He also expected China’s economic slowdown to push commodity prices lower.
Chinese data yesterday made it pretty clear that momentum in its economic activity would steadily decline into 2016,” he said, “A lot of planned fiscal spending for Q1 2016 was brought forward into Q3/Q4 2015, which means investment spending could decline quite sharply in 1H 2016.”
This will undoubtedly affect Chinese demand for commodities,” Nicholson noted.
In particular, he predicted a sharp fall in iron ore prices in a month or two, due to a rise in Chinese iron ore stockpiles and the iron price.
China iron ore stockpiles. Chart: Angus Nicholson.

10:02 am By Enoch Yiu

Hong Kong dollar fell for a fifth day in a row to 7.8218, the lowest level since August 2007. The stock market slump, the weak economy and the US interest rate rise have caused capital outflows and led the local currency to fall.
9:45 am By Enoch Yiu
The People’s Bank of China set Wednesday the yuan’s mid-price against the US dollar at 6.5578, 18 basis points stronger than on Tuesday, when it set the mid-price 6 basis points weaker.
It also set the yuan’s mid-price against the euro weaker by 140 basis points to 7.1627, and the yuan’s reference rate for every 100 yen stronger by 50 basis points at 5.5834. The yuan’s mid-price against the pound was set 653 basis points stronger at 9.2987.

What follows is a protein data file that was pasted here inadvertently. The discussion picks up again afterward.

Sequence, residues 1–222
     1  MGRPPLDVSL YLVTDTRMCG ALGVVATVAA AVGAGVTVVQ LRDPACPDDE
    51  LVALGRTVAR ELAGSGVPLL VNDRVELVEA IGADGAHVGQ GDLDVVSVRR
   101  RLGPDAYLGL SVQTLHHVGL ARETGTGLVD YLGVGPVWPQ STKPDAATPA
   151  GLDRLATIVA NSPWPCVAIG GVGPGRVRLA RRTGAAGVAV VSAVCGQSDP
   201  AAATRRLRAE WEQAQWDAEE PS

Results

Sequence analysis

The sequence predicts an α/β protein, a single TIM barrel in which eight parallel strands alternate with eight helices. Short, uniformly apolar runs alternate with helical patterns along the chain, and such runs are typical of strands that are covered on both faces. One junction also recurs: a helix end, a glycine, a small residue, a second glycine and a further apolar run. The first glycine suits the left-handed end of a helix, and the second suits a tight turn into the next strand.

Traders are allowed to trade up to 2 per cent either side of the mid-price for the day.
9:40 am By Jessie Lau
The Hang Seng Index opened at 19,332.22, down 1.55 per cent or 303.59 points from Tuesday, while the Hang Seng China Enterprises index fell 2.11 per cent or 176.73 points to 8,201.07.
The Shanghai Composite Index opened at 2,993.01, down 0.49 per cent or 14.72 points, and the CSI300 — which tracks the large caps listed in Shanghai and Shenzhen — fell 0.40 per cent or 12.97 points to 3,210.16.
The Shenzhen Composite Index fell 0.34 per cent or 6.5 points to 18,89.24 while the Nasdaq style ChiNext dropped 0.65 per cent or 14.64 points to 2,227.06.
9:08 am By Jessie Lau
Hong Kong’s stock market is poised to open higher on Wednesday, as the Hang Seng Index futures spot January contract gained 0.01 per cent to 19,622 in the pre-trade session, while H-share index futures fell 1.86 per cent to 8,227.
US stocks posted mixed performance on Tuesday, after oil prices tumbled further. The S&P 500 index was up 0.05 per cent or 1 point at 1,881.33. The Dow Jones Industrial Average closed up 0.17 per cent or 27.94 points at 16,016.02. The Nasdaq Composite finished down 0.26 per cent or 11.47 points at 4,476.95.



Hong Kong dollar falls to weakest level since 2007, with analysts predicting it will test 7.83
Offshore yuan also falls





The Hong Kong dollar fell for the fifth day in a row on Wednesday morning to 7.8226, the lowest level since August 2007.



The stock market slump, the weak economy and the US interest rate rise have led to capital outflow, causing the local currency to fall.